Who, If Not Us?

The Young European Collective is a group of Europeans from different countries, backgrounds, and perspectives. Each week, one member will voice a unique viewpoint on a topic from a variety of social, political, and cultural developments and aspects of life in Europe. The activities of the group are funded by Stiftung Mercator.

More Feminists...

Women’s equality is directly linked to Europe’s overall well-being. Only by overcoming gender inequality can we truly lay the foundations for the continent’s future.

Ent-schuldigung...

We do hold a responsibility to remember about the dark past of Nazism. However, this is not for Germans only to shoulder this responsibility in the form of national guilt.

Get back up, try again...

Across the world, people are getting to stage to share their biggest failures.

Quitting the paralysis...

Half a decade after Stéphane Hessel’s call for outrage, young people continue to languish in apathy. Could our society’s emphasis of individualism be at fault?

Get them traveling! ...

Despite open borders, Europe still suffers from a lack of personal connections. A free Interrail pass for young Europeans could change that.

The quality of change...

In the fight against racism, Europe can learn a lot from a little school in Berlin.

Why even care about a ...

European identity is a term widely used but only vaguely understood. We need to change that.

#PostGradProblems...

Is it okay to take some time off after university to devise a plan for the future?

The Book of Faces...

We spend much of our lives online. It's time to communicate there as we do in person, and our rich, personalized online presences can speak volumes in a setting where body language is off the table.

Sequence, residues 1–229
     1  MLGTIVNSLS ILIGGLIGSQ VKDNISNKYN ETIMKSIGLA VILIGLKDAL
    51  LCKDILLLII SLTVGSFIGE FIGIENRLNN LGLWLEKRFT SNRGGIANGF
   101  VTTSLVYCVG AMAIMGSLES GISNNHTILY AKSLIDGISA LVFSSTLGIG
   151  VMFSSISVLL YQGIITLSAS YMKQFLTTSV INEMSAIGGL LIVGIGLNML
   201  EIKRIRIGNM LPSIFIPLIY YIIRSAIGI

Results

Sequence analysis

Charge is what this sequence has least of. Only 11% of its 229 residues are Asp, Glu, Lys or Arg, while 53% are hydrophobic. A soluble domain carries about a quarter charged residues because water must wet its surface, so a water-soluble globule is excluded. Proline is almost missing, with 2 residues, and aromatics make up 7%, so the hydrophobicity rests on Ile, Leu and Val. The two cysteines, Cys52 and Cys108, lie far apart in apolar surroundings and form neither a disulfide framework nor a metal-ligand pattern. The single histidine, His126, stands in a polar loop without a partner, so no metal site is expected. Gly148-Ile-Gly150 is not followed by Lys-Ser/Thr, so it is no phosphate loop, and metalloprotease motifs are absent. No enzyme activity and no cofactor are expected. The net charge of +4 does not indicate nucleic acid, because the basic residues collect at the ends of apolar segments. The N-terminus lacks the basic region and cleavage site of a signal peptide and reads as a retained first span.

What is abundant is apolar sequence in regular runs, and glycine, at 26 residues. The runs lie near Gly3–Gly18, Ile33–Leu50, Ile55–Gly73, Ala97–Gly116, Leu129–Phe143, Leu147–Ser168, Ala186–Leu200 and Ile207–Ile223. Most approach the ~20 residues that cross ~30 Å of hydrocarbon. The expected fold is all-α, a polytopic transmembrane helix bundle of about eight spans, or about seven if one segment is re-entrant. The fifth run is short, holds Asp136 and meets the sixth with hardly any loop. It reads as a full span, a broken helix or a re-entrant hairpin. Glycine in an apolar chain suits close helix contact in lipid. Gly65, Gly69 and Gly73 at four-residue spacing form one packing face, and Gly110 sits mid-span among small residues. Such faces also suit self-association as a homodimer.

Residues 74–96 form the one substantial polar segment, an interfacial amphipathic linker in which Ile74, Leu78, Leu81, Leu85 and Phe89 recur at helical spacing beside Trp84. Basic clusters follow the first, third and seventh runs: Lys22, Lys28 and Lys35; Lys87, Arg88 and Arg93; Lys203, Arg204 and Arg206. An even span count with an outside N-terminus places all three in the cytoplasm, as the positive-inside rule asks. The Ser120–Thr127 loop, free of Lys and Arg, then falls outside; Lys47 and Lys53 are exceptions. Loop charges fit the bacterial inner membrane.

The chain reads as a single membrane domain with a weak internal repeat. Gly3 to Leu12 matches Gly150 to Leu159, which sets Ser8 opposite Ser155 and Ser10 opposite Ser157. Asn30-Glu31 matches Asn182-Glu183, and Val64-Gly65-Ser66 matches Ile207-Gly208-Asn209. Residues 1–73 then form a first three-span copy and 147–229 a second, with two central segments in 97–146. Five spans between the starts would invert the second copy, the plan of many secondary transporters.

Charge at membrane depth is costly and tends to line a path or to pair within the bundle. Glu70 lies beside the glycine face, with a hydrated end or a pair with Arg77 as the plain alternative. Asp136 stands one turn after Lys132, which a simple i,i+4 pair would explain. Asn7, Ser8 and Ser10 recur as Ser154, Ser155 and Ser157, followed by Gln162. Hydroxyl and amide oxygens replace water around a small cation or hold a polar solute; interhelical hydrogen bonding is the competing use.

We Need to Talk...

German-Greek relations need fixing. While governments seek to repair them on the political stage, societal-level exchange programs are needed to break through negative media coverage and bring Germans and Greeks closer together.

A morbid formula...

Only war and hatred tend to give way to progress and cooperation. 70 years after the end of WWII, we need to break with this paradigm.

Party-cipation...

Young people struggle to make themselves heard in Europe. In order to stop the spread of apathy, we need to teach them how to engage.

MOST COMMENTED

Most People Are Rationally Ignorant

What decisions would we make if we deliberated carefully about public policy? Alexander Görlach sat down with Stanford's James Fishkin to discuss deliberative democracy, parliamentary discontent, and the future of the two-party system.

A Violent Tea Party?

For many Europeans the massacre in Arizona is another evidence that political violence is spreading in the United States but this unfortunate event was the deed of a mentally ill person, not a political activist. There is no evidence of an increasing political extremism tearing America apart. Using

Passage to India

The US and Russia don't agree on much - but they are both keen to develop a good relationship with India. How do we know? Look at the arms trade.

"Cities are making us more human"

More than 50 percent of the world's population now live in cities – and there is no end of urbanization in sight. Harvard economist Edward Glaeser believes urbanization to be a solution to many unanswered problems: pollution, depression and a lack of creativity. He spoke with Lars Mensel about the

No Glove, No Love

Contrary to the mantras repeated by the press, HIV infections are not increasing. We need to move away from activist scare tactics and towards complex risk management strategies.

Perfection Is Not A Useful Concept

Nick Bostrom directs the Future of Humanity Institute at Oxford University. He talked with Martin Eiermann about existential risks, genetic enhancements and the importance of ethical discourses about technological progress.

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